The Smithsonian Institution is going to seek more corporate sponsors for its exhibits to avoid stagnation, its director said Tuesday.
I. Michael Heyman, the secretary of the Smithsonian, told the National Press Club that he sees nothing wrong with corporate logos being displayed beside exhibits financed by companies' gifts.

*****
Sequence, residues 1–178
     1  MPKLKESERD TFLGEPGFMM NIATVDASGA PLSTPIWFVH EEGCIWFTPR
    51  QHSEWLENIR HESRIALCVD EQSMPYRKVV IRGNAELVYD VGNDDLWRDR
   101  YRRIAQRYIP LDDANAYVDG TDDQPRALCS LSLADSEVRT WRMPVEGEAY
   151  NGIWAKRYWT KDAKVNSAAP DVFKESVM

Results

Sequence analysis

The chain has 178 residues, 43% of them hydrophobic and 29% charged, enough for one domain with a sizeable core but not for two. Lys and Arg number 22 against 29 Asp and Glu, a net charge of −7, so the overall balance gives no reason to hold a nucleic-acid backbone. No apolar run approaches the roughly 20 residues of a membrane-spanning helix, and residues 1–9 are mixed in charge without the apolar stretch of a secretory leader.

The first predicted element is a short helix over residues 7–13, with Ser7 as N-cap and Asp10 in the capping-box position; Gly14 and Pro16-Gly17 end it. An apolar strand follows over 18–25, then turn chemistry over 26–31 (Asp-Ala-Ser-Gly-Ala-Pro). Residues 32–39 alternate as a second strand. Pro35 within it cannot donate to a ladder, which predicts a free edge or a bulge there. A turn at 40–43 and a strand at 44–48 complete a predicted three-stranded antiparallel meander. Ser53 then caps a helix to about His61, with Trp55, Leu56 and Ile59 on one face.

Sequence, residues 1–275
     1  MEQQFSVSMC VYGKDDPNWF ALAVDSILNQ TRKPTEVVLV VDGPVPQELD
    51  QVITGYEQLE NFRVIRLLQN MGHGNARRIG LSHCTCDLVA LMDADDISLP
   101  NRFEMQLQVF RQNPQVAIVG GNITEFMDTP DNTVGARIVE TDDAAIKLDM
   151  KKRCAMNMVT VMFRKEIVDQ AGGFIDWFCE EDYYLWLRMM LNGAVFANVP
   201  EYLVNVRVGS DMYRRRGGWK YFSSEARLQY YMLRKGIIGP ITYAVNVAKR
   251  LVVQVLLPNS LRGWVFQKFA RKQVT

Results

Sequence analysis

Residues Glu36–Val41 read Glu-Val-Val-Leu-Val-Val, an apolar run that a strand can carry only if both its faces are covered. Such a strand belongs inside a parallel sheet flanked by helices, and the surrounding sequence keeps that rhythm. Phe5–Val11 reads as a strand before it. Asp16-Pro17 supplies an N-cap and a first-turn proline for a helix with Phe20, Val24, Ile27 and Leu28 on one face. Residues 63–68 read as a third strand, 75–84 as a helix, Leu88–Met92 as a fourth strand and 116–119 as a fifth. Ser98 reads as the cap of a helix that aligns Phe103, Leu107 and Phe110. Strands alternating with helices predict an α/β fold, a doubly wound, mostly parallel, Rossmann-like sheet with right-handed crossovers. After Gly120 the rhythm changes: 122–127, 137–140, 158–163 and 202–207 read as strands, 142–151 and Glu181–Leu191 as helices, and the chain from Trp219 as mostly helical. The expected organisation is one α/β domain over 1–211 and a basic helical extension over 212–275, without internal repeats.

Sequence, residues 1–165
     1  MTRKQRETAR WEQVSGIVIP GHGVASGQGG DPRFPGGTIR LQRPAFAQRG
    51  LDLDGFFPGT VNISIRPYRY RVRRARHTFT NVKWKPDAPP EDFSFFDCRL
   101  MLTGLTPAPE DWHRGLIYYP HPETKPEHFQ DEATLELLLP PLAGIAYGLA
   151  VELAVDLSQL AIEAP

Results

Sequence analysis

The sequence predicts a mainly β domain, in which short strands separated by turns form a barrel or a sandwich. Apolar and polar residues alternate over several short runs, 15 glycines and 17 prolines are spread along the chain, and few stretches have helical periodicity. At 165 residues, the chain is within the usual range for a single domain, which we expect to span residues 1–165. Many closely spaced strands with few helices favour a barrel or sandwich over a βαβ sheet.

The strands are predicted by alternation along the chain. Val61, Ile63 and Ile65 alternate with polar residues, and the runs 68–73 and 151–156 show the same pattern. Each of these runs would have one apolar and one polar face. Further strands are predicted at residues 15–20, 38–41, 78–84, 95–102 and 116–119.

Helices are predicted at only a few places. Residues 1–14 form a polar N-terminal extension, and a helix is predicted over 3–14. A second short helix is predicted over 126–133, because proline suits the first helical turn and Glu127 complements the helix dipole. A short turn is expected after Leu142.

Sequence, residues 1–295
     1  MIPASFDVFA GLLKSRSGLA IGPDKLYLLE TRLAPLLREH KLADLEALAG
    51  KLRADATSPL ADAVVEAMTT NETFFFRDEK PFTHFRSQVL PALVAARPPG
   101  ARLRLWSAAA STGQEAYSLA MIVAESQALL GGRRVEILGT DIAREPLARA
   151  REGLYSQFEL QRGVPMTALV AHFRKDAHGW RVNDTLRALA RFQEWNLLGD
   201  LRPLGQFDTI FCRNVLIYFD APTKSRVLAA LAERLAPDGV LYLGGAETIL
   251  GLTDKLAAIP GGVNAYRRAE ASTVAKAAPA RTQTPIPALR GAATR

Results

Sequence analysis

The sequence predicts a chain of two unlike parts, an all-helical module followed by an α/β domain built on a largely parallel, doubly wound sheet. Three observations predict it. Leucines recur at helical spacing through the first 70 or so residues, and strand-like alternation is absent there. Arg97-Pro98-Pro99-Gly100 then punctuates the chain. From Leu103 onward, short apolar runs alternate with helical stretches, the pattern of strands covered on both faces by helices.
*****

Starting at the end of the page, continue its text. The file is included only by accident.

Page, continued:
For example, he defended the decision that allowed the Museum of Natural History's Insect Zoo to be named after Otto Orkin, founder of the pest control company that bears his name. When that was done, he recalled, one letter writer complained, "Naming the Insect Zoo after the founder of a company whose sole aim is to exterminate insects is like . . . naming a cancer clinic after a tobacco company." With government money scarce, Heyman said, the Smithsonian is going to go after corporate funding more aggressively. "If we find funds nowhere else, we are doomed, at best, to a static future, and at worse to one of continuing erosion," he said. On this, he said, he is no purist - not "someone who believes that a connection with a corporate sponsorship is a capitulation to all that is crass in an overly commercialized society. …